Last Chance to Comment for a Strong SPR
We know approximately 30,000 comments have been written for a strong Stream Protection Rule (SPR) – can we get to 50,000? Comments are due October 25th – click here to comment today!This is one of the best and last chances for the Obama Administration to protect Appalachia from the worst of mountaintop removal.
The Stream Protection Rule is intended to limit the dumping of toxic mountaintop removal waste into our endangered streams. We’ve been demanding these protections for almost eight years and, after a series of delay tactics from the coal industry, we are glad the Obama administration is finally taking action. But we need it to be strengthened, and we have only a few days left to make our voices heard.
Please comment and share with your networks on Facebook!
Rallying for Clean Water at SPR Hearings
Last month, members of The Alliance for Appalachia were busy organizing members and allies to attend in-person hearings to speak up in favor of water protections.
Despite intimidation from the coal industry, hundreds of people traveled long distances to show up and speak up for a strong Stream Protection Rule in Lexington, KY, Big Stone Gap, VA, Charleston, WV and other cities nationwide.
Speaking up in the face of intimidation – including heckling and physical threats – takes true courage, and we’re so proud to work alongside these every day heroes who are fighting to protect their communities and families from water pollution
If you missed your chance to comment in person, you can always comment on-line using our convenient form!
Meeting with Interior Secretary Jewell
Last month. members of The Alliance met with Secretary of the Interior Sally Jewell. This was the first cabinet-level meeting our coalition of groups has secured. We discussed the Stream Protection Rule and the ongoing impacts of mountaintop removal coal mining.
The secretary was open to our comments on revisions that would strengthen the final rule, and clearly understands its importance to protecting the environment and fostering a positive, sustainable economic future for Appalachia.
Selenium Comments Submitted
One of our key policy asks from the Obama administration for 2015 was for a strong selenium ruling that would limit the pollution from this toxic chemical and allow citizens to have a role in monitoring streams.
Selenium, a chemical commonly found in wastewater from mountaintop removal coal mines and in coal ash ponds, is toxic to fish and other wildlife at very low levels, and it is toxic to humans at high levels. Once it is released into waterways, selenium enters the food chain and accumulates in fish, causing reproductive failure and deformities.
The comment period has now closed, and we’re hoping that the administration listens to the many who contributed comments on this important issue.
POWER+ Resolutions Continue to Pop Up Across the Region
Communities throughout Appalachia have been showing their support for the POWER+ campaign by passing resolutions in favor of the proposal from the Obama administration. So far resolutions have been passed in 23 communities throughout the region!
These actions are in stark contrast to the reactions of our state and federal leaders to the plan, which could bring could bring $1 billion in federal funding to the region to reclaim abandoned mine lands sites in ways that will create long term economic development.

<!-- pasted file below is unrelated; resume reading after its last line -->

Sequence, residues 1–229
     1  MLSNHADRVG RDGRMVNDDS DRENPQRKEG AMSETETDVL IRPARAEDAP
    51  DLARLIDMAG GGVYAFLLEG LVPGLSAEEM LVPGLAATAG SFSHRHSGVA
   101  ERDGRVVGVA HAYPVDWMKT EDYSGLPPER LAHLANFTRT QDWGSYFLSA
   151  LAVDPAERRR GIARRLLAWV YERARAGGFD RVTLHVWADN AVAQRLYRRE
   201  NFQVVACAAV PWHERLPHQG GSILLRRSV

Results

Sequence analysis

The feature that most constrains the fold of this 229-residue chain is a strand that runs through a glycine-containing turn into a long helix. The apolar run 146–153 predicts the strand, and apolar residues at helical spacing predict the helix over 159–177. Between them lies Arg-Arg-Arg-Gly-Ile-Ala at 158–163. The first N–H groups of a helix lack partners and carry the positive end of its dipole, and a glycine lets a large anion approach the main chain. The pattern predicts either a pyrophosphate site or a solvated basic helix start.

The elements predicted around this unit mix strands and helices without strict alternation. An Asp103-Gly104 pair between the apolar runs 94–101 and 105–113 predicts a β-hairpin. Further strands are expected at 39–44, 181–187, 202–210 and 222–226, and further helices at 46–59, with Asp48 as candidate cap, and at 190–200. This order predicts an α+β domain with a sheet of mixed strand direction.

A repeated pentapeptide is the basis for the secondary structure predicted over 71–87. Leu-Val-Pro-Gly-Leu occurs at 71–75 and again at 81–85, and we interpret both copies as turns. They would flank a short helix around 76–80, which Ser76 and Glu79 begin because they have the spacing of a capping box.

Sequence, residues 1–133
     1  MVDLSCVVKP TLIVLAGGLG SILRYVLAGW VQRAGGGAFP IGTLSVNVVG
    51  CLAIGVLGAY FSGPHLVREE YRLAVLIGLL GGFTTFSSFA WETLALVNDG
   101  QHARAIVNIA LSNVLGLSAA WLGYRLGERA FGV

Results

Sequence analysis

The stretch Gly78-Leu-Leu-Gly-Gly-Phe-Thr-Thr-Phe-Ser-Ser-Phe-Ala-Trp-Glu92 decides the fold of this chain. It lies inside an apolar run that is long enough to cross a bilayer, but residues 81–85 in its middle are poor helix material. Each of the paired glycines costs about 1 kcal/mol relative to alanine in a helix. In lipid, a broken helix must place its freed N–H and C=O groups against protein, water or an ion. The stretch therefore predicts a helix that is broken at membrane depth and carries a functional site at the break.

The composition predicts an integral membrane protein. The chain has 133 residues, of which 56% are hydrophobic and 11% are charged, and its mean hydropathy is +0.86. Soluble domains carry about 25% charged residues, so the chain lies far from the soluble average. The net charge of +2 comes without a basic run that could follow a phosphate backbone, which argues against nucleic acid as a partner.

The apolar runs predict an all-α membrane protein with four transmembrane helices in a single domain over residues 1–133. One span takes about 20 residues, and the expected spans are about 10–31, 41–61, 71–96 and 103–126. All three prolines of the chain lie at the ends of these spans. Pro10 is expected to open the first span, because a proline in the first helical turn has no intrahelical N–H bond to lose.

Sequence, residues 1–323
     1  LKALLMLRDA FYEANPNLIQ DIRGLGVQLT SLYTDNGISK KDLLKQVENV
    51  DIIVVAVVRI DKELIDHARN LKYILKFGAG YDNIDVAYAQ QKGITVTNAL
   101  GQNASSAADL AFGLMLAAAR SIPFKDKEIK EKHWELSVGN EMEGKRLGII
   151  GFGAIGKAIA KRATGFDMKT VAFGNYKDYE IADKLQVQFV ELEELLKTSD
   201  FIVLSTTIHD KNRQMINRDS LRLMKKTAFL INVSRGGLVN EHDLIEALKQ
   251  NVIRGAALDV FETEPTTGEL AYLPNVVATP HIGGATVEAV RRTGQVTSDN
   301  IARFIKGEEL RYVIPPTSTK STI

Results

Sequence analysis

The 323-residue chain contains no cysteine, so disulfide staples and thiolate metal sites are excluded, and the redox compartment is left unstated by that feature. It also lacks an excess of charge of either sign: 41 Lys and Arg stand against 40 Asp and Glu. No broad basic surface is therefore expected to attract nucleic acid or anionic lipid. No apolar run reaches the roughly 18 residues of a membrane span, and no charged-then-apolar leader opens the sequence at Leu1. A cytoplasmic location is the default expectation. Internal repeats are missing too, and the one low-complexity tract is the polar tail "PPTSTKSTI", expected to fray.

The Alliance for Appalachia is working with our members and allies to support these community resolutions and other grassroots efforts to bring the benefits of the POWER+ Plan to our communities.
The Alliance for Appalachia Hosts a Productive Fall Meeting
The Alliance for Appalachia hosted our fall meeting at Breaks Interstate Park; it was a chance for our member groups and allies to get updates on work happening in the region and begin to plan what’s next for the region. Our final meeting for 2015 will be in December 2015.
Thanks to all who contributed to the meeting for making it another productive success – and thanks to Joanne Golden Hill for taking the pictures below!
Updates from the Movement:
Economic Development Community Forums Held in Southwestern Virginia:
Appalachian Voices has recently partnered with Virginia Organizing to convene eight visioning forums across Virginia’s coalfield counties. The purpose of these forums is to gather community-level input about the future of our economy. These forums are open to the public, and people of all beliefs and backgrounds have been attending and contributing fresh new ideas for the future of their communities.
Input gathered during the forums will be synthesized into a “Citizens’ Roadmap for a New Economy” report that will engage local governments and planning districts on economic development priorities. Learn more about this exciting project at their website!
White House POWER Initiative Grants Awarded
The White House has announced $14.5 million in grant awards for organizations and local governments across 12 states that are building a better economic future for their communities. A majority of the 36 awards, and most of the grant dollars, are going to plan or implement projects in Central Appalachia.
We are especially excited for our friends at Appalshop who received funding to build a one-year IT workforce certificate program targeted to communities affected by the reduction in coal employment. Learn more about the grant recipients here.
Clean Power Plan to Empower Kentucky
Empower Kentucky is an ambitious project to re-shape Kentucky’s energy future based on a vision “that works for everybody” announced recently by KFTC.
As explained in the webinar that launched the program: “Over the next year KFTC will invite thousands of people from all walks of life to share their vision and ideas for transforming Kentucky’s energy system,” said Sean Hardy of Louisville. “Then, together, we will write our own energy plan, one that works for everybody, all of us.”